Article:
any foreign government investors.
Foreign government investors also require Australian Government
approval, through the Treasurer, if they propose to start a new business;
acquire an interest in land; acquire a legal or equitable interest in a
tenement; or an interest of at least 10 per cent in securities in a mining,
production or exploration entity.
Although FATA gives the Treasurer the authority to make determinations
in relation to all foreign investment proposals that are subject to Government
review, the Treasurer does not formally 'approve' investment proposals. Rather,
when the Treasurer is informed – through the review process overseen by FIRB – that
a foreign person proposes to undertake an action that is covered by the review
framework, then the Treasurer is authorised to take one of the following
decide not to object;
allow the action to proceed, provided the person complies with
one or more conditions; or
decide that taking the action would be contrary to the national
interest and make an order prohibiting the proposal.
In cases where the Treasurer determines that the investment is contrary
to Australia's national interest after the investment transaction has occurred,
the Treasurer has the authority to make an order requiring the investor to
divest themselves of the investment.
Australia's foreign investment review framework does not contain a
precise definition of the national interest. Australia's framework contrasts in
this regard to a number of comparable countries. New Zealand's Overseas
Investment Act 2005 (OIA) provides a legislated definition of the national
By contrast, under FATA, the Treasurer is given the authority to determine, on
a case-by-case basis, whether a proposed investment subject to Government
review is contrary to the national interest.
Australia's national interest test is essentially negative in character. On the
basis of advice provided by FIRB, the Treasurer determines whether a foreign
investment proposal would adversely affect Australia's national interest. As a
negative test, Australia's foreign investment review framework is based on the
presumption that foreign investment proposals will be 'allowed to proceed
unless found to be contrary to the national interest'.
In its submission, the Treasury pointed out that Australia's foreign
investment review framework was designed to provide a high degree of
flexibility in reviewing proposals for foreign investment.
The Treasury also observed that, by privileging flexibility over a legislated
definition of the national interest, the Government is in a position to respond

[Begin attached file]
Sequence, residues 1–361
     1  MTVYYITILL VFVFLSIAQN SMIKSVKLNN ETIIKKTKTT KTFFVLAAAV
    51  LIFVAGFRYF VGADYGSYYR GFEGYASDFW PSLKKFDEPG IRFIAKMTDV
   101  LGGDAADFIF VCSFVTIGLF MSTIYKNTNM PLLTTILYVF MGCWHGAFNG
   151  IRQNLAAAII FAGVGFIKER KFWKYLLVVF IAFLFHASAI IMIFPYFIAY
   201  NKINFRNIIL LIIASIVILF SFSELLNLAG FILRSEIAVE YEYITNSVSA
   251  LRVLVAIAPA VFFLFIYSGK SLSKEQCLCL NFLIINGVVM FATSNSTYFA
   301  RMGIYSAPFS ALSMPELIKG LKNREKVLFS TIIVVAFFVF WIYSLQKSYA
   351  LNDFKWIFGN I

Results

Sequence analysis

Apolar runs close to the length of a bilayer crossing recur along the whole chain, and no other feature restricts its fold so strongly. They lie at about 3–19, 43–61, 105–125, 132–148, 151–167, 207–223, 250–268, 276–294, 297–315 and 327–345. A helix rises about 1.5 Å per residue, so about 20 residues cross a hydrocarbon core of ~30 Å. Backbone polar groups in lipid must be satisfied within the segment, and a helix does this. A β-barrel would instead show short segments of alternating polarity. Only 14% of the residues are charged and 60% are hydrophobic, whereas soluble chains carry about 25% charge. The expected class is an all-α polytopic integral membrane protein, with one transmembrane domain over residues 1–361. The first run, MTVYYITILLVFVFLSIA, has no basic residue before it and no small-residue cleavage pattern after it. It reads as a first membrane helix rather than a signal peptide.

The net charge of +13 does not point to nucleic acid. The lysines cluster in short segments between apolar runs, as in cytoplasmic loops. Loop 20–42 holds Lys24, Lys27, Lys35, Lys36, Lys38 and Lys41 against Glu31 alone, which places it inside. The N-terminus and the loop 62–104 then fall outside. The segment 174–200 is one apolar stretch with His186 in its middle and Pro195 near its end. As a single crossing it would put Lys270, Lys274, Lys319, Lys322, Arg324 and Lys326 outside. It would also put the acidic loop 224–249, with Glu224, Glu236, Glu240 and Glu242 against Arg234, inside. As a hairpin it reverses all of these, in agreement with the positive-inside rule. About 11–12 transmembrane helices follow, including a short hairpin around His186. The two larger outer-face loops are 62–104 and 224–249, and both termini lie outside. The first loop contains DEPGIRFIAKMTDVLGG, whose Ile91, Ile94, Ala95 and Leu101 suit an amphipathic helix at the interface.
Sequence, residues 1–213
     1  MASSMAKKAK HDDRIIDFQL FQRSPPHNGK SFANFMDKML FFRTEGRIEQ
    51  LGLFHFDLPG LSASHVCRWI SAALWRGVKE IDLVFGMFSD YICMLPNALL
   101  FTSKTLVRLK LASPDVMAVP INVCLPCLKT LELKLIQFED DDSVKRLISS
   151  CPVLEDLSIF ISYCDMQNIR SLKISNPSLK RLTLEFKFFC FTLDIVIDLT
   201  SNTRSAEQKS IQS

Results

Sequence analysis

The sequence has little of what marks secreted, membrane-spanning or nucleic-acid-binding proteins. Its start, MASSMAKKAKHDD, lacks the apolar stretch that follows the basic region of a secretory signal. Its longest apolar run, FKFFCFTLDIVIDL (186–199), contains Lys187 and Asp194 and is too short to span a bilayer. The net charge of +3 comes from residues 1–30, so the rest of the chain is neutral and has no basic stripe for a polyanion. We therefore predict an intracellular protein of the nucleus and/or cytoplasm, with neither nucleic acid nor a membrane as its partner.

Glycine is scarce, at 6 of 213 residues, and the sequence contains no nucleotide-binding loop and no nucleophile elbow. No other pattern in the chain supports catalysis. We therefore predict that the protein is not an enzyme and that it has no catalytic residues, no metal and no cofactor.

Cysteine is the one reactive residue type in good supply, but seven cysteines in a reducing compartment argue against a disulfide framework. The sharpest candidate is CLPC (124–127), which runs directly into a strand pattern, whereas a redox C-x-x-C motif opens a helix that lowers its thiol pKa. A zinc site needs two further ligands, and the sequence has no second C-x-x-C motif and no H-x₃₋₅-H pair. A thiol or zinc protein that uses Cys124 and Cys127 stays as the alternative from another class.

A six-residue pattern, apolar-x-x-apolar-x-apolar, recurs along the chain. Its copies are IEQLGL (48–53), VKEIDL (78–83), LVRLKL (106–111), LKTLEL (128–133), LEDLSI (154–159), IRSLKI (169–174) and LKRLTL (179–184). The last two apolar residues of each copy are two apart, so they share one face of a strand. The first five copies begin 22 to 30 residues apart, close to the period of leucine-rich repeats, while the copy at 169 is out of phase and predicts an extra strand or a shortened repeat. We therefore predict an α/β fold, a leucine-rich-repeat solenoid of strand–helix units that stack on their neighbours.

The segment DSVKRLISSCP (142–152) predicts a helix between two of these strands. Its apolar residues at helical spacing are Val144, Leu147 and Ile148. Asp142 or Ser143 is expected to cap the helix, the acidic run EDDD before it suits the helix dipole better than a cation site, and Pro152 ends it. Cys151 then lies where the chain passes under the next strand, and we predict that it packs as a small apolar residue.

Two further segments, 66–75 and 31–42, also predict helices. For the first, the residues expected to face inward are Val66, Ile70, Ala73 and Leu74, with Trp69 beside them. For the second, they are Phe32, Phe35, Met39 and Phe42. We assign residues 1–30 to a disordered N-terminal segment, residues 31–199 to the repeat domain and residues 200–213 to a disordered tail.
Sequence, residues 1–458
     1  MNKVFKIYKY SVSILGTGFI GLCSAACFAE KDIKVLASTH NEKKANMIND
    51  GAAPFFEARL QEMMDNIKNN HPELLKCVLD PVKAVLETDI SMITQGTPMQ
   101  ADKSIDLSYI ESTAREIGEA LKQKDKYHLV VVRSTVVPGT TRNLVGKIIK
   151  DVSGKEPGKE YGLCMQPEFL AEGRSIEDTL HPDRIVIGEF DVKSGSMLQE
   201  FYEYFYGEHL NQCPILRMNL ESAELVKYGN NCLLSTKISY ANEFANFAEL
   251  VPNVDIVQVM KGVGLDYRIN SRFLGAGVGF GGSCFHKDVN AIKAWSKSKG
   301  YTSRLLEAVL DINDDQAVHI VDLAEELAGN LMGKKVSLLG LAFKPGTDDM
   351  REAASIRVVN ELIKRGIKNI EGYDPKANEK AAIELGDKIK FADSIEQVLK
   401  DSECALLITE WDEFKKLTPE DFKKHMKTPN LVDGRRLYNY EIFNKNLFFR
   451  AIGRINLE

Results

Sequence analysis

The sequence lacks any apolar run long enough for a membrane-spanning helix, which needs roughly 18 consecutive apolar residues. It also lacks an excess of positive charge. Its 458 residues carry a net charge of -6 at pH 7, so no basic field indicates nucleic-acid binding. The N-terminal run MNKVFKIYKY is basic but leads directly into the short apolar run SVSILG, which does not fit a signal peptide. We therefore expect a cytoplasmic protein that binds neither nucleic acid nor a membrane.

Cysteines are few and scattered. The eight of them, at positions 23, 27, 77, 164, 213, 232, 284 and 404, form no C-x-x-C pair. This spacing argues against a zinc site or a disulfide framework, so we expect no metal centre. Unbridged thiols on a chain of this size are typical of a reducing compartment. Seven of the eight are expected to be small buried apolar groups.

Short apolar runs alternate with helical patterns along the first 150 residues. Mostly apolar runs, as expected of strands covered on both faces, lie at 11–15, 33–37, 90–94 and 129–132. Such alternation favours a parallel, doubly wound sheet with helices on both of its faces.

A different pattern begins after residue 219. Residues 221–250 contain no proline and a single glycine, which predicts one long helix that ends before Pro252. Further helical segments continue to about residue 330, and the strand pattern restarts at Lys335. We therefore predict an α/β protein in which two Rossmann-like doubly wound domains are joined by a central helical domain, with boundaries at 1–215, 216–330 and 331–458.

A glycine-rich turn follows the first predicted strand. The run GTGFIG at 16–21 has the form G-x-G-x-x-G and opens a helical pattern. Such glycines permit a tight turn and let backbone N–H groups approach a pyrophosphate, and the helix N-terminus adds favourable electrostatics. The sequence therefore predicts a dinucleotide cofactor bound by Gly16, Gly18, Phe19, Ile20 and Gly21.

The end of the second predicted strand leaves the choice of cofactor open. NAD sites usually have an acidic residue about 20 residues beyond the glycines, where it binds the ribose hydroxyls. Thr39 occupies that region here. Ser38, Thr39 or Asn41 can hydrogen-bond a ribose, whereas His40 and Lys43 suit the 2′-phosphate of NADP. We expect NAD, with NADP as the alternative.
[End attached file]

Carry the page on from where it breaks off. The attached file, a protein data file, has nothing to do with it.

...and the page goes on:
quickly to factors that are likely to affect the national interest.
It further noted that:
A codified national interest test with a rigid set of
criteria incorporated into the legislative framework risks being inflexible,
prescriptive and may require ongoing amendments (such amendments may be
difficult to implement because Australia's free trade agreement commitments
would limit the Government's ability to make subsequent changes). Further,
enshrining specific national interest factors in legislation may expose the
Government to an increased risk of litigation, as well as provide additional
avenues for opponents of an investment to challenge it.
Given the restrictions and requirements outlined above, a foreign
investment proposal will generally require review if the following conditions
The proposed investment has a value of $252 million or more,
unless the investor is from a country with which Australia has signed a Free
Trade Agreement (FTA), in which case a higher threshold of $1.094 billion would
The proposed investment is in a business or in land that has been
designated as 'sensitive'; and
The proposed investment is in an agribusiness or in agricultural
With the exception of agribusiness, which forms a separate category to
which a cumulative threshold of $55 million applies, the Foreign Investment
Policy defines 'sensitive' businesses as the following:
media and telecommunications;
defence and military related industries and activities;
encryption and securities technologies and communication systems;
the extraction of uranium or plutonium; and
the acquisition of nuclear facilities.
Apart from 'sensitive' businesses, some types of land have also been
designated as 'sensitive'.
This is in addition to the category of agricultural land, to which a lower and